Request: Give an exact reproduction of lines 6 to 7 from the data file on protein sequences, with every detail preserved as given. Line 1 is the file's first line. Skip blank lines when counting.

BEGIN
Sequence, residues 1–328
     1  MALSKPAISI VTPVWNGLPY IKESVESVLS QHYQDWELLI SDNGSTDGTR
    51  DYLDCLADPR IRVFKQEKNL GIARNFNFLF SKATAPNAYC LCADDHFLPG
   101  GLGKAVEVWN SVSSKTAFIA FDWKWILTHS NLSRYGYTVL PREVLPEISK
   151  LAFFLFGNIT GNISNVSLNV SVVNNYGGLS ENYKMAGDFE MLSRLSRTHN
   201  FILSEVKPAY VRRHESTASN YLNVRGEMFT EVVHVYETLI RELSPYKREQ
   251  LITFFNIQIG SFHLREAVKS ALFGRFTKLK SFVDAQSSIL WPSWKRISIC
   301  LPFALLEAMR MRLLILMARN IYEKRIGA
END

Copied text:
   201  FILSEVKPAY VRRHESTASN YLNVRGEMFT EVVHVYETLI RELSPYKREQ
   251  LITFFNIQIG SFHLREAVKS ALFGRFTKLK SFVDAQSSIL WPSWKRISIC